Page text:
Mayor will reject Kinder Morgan’s land request

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Burnaby mayor Derek Corrigan has vowed to push back on Kinder Morgan’s attempts to survey Burnaby Mountain for a pipeline route. Meanwhile, the oil company is planning to ask the National Energy Board to go over the city’s head.

Kinder Morgan Canada president Ian Anderson said the company would seek the National Energy Board’s help accessing the land if Burnaby refuses to co-operate.

“We would prefer to have the city’s permission to access the city’s lands in order to work, and we will be formally requesting that soon. If it is not provided, then we will go the National Energy Board and seek a ruling of the board to have the authority to instruct the city to grant us access to those lands,” he said in a conference call with media on Friday. Anderson indicated the company would apply to the city and the NEB concurrently, and he expected the process would take weeks, not months.

The city, which is staunchly opposed to the pipeline expansion, rejected the company’s informal query to drill holes on the mountain, which is a dedicated park and conservation area.
According to Corrigan, consultants (who did not initially identify themselves as affiliates of Kinder Morgan) asked city staff if they could drill holes in the park.

“Staff treated it as anyone coming in and making an inquiry. We said, ‘Well, it’s not likely we’re going to give you approval to start digging up a park,’ and that was the limit of the discussion,” Corrigan said. Afterwards, city staff confirmed the consultants were working with Kinder Morgan, he added.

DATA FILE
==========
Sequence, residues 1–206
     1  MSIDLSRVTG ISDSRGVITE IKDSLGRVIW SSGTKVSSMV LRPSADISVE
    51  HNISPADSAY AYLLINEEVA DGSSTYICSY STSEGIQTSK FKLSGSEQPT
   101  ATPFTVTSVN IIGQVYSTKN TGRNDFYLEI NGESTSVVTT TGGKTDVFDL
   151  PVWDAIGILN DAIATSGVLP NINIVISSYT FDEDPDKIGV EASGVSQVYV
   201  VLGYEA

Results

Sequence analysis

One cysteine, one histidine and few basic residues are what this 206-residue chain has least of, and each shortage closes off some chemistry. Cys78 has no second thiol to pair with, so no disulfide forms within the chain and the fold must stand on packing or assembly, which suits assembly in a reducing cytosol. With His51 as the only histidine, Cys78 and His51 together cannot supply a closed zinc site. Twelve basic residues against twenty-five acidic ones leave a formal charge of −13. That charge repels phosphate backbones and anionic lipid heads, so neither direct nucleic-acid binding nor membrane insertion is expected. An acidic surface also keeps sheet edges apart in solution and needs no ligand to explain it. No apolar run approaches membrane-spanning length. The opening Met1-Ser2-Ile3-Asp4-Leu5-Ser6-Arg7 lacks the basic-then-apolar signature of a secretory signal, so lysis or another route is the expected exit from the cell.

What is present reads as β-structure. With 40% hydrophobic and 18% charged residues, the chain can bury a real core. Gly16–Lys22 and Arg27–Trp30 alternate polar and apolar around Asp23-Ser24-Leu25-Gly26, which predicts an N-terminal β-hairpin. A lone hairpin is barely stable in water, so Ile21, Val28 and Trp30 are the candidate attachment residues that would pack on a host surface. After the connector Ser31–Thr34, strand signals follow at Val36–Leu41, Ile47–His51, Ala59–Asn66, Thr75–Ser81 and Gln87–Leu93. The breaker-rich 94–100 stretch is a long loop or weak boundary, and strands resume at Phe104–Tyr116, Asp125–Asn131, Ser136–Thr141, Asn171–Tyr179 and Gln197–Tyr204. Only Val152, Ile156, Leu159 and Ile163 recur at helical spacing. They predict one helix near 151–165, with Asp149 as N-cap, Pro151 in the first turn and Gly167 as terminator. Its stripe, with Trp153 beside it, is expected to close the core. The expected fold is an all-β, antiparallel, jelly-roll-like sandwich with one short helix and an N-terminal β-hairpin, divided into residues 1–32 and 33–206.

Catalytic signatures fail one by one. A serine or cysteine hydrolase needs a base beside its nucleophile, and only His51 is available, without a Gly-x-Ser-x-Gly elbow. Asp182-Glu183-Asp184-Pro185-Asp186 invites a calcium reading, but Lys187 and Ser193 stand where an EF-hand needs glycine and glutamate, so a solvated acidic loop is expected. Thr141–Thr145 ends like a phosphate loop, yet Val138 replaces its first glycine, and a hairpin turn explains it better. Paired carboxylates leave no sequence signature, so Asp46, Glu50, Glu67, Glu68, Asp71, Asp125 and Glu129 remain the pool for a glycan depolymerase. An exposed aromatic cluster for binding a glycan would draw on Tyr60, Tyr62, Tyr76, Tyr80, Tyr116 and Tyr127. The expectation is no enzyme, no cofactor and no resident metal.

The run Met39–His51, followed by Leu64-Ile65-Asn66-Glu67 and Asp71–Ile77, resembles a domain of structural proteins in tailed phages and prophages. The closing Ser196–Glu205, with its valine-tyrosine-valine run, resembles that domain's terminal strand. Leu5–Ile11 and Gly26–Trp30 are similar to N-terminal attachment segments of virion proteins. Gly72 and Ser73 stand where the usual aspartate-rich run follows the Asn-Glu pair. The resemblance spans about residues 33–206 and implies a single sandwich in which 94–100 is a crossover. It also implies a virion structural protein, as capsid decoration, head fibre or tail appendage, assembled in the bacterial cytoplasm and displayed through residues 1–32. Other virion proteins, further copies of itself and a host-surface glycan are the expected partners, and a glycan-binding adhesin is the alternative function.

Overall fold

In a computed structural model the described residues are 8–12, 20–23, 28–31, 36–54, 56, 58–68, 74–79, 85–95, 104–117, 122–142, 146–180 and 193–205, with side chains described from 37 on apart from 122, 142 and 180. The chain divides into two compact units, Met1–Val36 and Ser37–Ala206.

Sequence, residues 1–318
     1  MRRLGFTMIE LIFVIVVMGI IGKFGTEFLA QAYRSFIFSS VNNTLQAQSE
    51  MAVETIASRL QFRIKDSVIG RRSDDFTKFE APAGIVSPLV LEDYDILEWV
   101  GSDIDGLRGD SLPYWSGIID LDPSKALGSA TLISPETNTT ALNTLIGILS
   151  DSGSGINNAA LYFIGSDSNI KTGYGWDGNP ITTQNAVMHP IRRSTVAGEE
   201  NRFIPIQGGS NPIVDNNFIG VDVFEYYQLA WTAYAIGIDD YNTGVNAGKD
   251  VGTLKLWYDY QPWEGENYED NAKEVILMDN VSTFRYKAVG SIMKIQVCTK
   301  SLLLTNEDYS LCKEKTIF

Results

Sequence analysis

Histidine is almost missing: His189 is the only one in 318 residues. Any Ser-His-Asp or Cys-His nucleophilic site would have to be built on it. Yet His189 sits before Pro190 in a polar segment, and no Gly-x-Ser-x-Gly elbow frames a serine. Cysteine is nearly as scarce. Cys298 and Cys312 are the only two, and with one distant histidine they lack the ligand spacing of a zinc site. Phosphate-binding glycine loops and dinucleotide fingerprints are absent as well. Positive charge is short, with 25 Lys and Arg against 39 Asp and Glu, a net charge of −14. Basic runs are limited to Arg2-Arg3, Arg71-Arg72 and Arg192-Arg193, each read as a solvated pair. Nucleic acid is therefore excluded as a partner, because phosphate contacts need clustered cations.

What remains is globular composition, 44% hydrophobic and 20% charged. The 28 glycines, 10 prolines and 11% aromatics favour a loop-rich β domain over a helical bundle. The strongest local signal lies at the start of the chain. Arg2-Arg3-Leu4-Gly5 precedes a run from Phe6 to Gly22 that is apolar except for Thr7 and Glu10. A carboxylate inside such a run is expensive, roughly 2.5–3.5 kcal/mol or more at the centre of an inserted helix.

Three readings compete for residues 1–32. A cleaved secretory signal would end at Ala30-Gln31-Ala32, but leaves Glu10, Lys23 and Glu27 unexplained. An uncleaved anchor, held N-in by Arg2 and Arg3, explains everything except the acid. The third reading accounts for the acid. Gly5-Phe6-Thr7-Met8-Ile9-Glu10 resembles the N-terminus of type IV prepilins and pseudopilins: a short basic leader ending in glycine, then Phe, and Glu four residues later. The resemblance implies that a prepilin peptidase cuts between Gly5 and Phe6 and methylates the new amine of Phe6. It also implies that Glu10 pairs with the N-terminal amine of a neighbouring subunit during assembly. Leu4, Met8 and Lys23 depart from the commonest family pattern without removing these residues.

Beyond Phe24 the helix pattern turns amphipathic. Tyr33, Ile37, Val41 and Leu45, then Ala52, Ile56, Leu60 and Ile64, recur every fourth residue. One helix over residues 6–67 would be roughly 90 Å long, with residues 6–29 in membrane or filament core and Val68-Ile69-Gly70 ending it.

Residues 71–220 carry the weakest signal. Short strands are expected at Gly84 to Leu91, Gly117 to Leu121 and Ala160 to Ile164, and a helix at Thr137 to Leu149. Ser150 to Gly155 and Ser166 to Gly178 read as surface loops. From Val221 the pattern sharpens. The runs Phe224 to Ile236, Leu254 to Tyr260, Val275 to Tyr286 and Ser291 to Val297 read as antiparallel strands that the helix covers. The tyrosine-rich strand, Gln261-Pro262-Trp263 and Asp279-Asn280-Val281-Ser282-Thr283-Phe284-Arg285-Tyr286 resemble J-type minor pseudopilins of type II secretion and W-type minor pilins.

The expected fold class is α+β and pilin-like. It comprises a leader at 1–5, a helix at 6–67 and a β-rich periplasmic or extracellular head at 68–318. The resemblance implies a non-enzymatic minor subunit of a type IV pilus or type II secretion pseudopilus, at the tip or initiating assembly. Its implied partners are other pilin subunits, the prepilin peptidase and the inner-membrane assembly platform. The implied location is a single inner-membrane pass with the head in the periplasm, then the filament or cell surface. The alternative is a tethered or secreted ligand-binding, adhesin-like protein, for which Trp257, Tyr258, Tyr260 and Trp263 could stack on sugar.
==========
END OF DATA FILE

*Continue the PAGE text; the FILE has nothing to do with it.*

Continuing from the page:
The relationship between the two parties has soured, and Anderson said Burnaby has broken off contact.

“Since we filed our application in December, virtually all communication with Burnaby has been terminated by them,” Anderson said.

Corrigan said he wants Kinder Morgan to get on with it, put a formal application in so the city can reject it, and then he will deal with the National Energy Board.

“Get your formal refusal, and get on with your National Energy Board application,” he said. “But if the National Energy Board is going to order us to do that, then do so, and we’ll comply to the National Energy Board order, … but we want a chance to go in and argue before the National Energy Board why they shouldn’t grant that order.”

On Tuesday, the board announced the pipeline hearing would be delayed by seven months, because the board needed more information on the Burnaby Mountain route. The new line was originally supposed to run through Burnaby’s Westridge neighbourhood, but that plan was dropped because of opposition from local residents. Kinder Morgan changed the preferred route to Burnaby Mountain in April, roughly four months after filing the project application with the NEB.

Now, the company wants to either drill or tunnel through the mountain to connect the tank farm to the Westridge Marine Terminal, where tankers fill up with crude. The tunneling option is more expensive but would also allow Kinder Morgan to move the existing pipeline out of Westridge and run it through the mountain instead.

Corrigan also expressed concern about the new plan.

“Tunnelling is not good. It has a lot of issues,” he said. “The initial assessment we’ve got is the mountain is not particularly stable. It may not be seismically safe. … You can imagine if that oil starts spilling through the mountain internally. That’s a problem that will takes a thousand years to fix.”

© Burnaby Now